Bayfield was the second child of the team that gave us Burren Energy some years ago. It was launched and funded by ex-Burren management using some of the substantial proceeds they pocketed when Burren was sold to ENI.
Burren had provided a text book example of taking a poorly managed asset in Turkmenistan, knocking it into shape, driving production up and costs down and using the resulting cashflow to expand into other areas. Their second asset was the M'Boundi field in the Congo, which proved extremely successful. I forget who their major partner was there, but when that partner made a very ill timed decision to sell out to ENI , Burren was able to exercise its pre-emption rights to acquire a second slice of the well developed cake at a bargain price. Eventually ENI decided it wanted the whole of the gateau and bought Burren lock stock and barrels.
The Burren management team then retired to a life of idle luxury. After a while that palled. After all you can't spend your whole life polishing your Aston Martin's lithe bodywork, exfoliating your yacht's elegant bottom or getting hot and sweaty with your personal trainer. And so the restless intellect and creative imagination of the Burrenites devised a cunning plan. Why not set up an E&P in Trinidad? Then they could do what they were so good at and still have it large at the marina. Trinidad Marina is after all an ideal location for those who wish to combine an interest in lithe bodywork, elegantly exfoliated bottoms and hot and sweaty physical activity. And it is a convenient place to park a seismic survey ship and a drilling rig or two.
I was one of those who did well out of Burren. I encountered Finian O'Sullivan, the CEO, at an Oil Barrel conference and was impressed. He expended more energy in 5 minutes on stage than I do in a normal week. I was so impressed by Finian and the story, that I went out at coffee time and bought the shares. Over the next few years I traded a little around a core position which built as time passed. By the end, I had a holding which was significant to me and the eventual exit was a big pay-out.
As an investor I've not had a good time these past few years. What suits me is finding a story/management team that I beleive in and holding fast as it unrolls. Dana/Burren/Hardman kind of thing. But in recent years many of my ideas have not so much unrolled as unravelled. So it was very pleasing when Bayfield emerged last year with Finian O as Chairman.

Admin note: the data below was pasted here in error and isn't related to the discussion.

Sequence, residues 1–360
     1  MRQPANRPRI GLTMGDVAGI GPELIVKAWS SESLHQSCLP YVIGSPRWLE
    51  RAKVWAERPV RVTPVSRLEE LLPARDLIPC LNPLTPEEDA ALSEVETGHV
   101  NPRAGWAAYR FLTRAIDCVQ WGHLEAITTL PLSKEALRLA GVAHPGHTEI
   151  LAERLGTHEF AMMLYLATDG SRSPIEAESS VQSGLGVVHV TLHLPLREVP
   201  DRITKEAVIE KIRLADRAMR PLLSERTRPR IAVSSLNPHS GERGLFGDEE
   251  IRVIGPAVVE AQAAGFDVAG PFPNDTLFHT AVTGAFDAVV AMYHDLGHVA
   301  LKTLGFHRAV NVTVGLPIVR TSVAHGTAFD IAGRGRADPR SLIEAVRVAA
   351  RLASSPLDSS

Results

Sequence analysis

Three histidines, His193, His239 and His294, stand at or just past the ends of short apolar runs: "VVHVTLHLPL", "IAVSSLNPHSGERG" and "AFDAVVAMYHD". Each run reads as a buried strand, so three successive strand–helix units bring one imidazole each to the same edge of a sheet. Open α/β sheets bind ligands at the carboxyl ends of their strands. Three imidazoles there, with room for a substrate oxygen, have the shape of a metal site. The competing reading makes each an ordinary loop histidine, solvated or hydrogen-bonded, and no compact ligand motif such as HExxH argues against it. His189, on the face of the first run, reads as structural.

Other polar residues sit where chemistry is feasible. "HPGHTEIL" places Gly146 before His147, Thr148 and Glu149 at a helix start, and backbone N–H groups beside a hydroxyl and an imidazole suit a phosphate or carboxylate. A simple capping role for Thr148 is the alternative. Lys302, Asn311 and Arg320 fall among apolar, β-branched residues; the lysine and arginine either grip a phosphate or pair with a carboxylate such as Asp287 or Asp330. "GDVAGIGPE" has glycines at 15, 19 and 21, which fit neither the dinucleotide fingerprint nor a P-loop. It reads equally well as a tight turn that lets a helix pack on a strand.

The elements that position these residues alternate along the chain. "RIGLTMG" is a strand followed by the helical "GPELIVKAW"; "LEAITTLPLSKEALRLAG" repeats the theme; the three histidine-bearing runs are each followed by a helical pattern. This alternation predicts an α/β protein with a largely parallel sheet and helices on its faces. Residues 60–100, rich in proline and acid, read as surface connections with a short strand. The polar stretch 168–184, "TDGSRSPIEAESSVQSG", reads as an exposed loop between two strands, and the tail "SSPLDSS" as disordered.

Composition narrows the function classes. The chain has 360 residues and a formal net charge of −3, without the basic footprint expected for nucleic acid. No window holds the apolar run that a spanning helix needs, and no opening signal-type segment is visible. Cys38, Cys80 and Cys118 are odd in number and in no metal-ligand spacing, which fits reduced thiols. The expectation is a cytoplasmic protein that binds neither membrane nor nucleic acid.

Management team with great track record - tick
Plausible assets - tick
Proven, producing reserves - tick
Proven, appraised discoveries waiting for development - tick
Run-down operation ready for the Turkmenistan treatment - tick
Potential fronter acreage with inside track - courtesy of Russian billionaire - tick
Additional acreage in pipeline - tick
Management aligned with shareholders - tick
Founder shareholders in for the long haul - tick
Founders/managers with large positions and LTBH approach - tick
Good relationships with Trinidad Govt - tick
Access to additional funds when required - tick (at least I thought so)
What could possibly go wrong?
What indeed? Exisitng platform infrastructure was found to be much more decrepit than had been realised - increasing future funding requirements. An appraisal well drilled into an established discovery came back with a very disappointing result. And another. That meant that expectations of increasing production cashflow in the short term were dashed. An attempt to raise additional funds in the market failed thanks to the hole in the economic ozone layer around the world. Even after all this, I assumed - oh so naively - that the wealthy founders/managers would chip in enough additional funding to bridge the gap - or at least enough to persuade the rest of us shareholders to support a rights issue.
Instead of which they've effectively given up.
It simply had not occurred to me that such seasoned, battle hardened veterans, who had taken on this project with their eyes open, would capitulate so quickly in the face of a few setbacks, none of which could be termed unusual. They appear to have been banking on a smooth and trouble-free ride rather than a difficult struggle. They obviously had insufficient confidence to invest additonal funds - which surely discredits the investment case for everybody else.
So, enter stage left the privately owned Trinity Exploration & Production and an agreed reverse take-over. Following which the BEH management team will be out of the door and down the road with the sole exception of Finian O who will take a place as a non exec.
So who is Trinity?
To my surprise it is a vehicle for Bruce Dingwall - founder and CEO of Venture Petroleum. He turns out to be a Trinidadian born and bred. Who knew that? Having left VPC he bought out VPC's Trinidadian assets and used them as the foundation for Trinity. He apparently lives in Scotland but runs Trinity by remote control.
I am afraid that I was always sceptical of Bruce's style at Venture. I thought his successor did a better job than he did. Haven't waded through the detail of Trinity - as a private company, it's less transparent than BEH. I am bemused to see that it employs more than 200 employees. Seems rather a lot to produce 2400 bopd - that's just 12 bopd per person.
BEH is suspended whilst the transaction cranks its way through the system. My inclination is to sell my sadly diminished holding at the earliest opportunity. I will read whatever emerges before then, but I'm inclined towards the low end of the clapometer, I'm afraid.
Anyone out there with more positive views?
The author may hold shares in this company. All opinions are his own. You should check any statements that appear factual and seek independent professional advice before making any investment decision.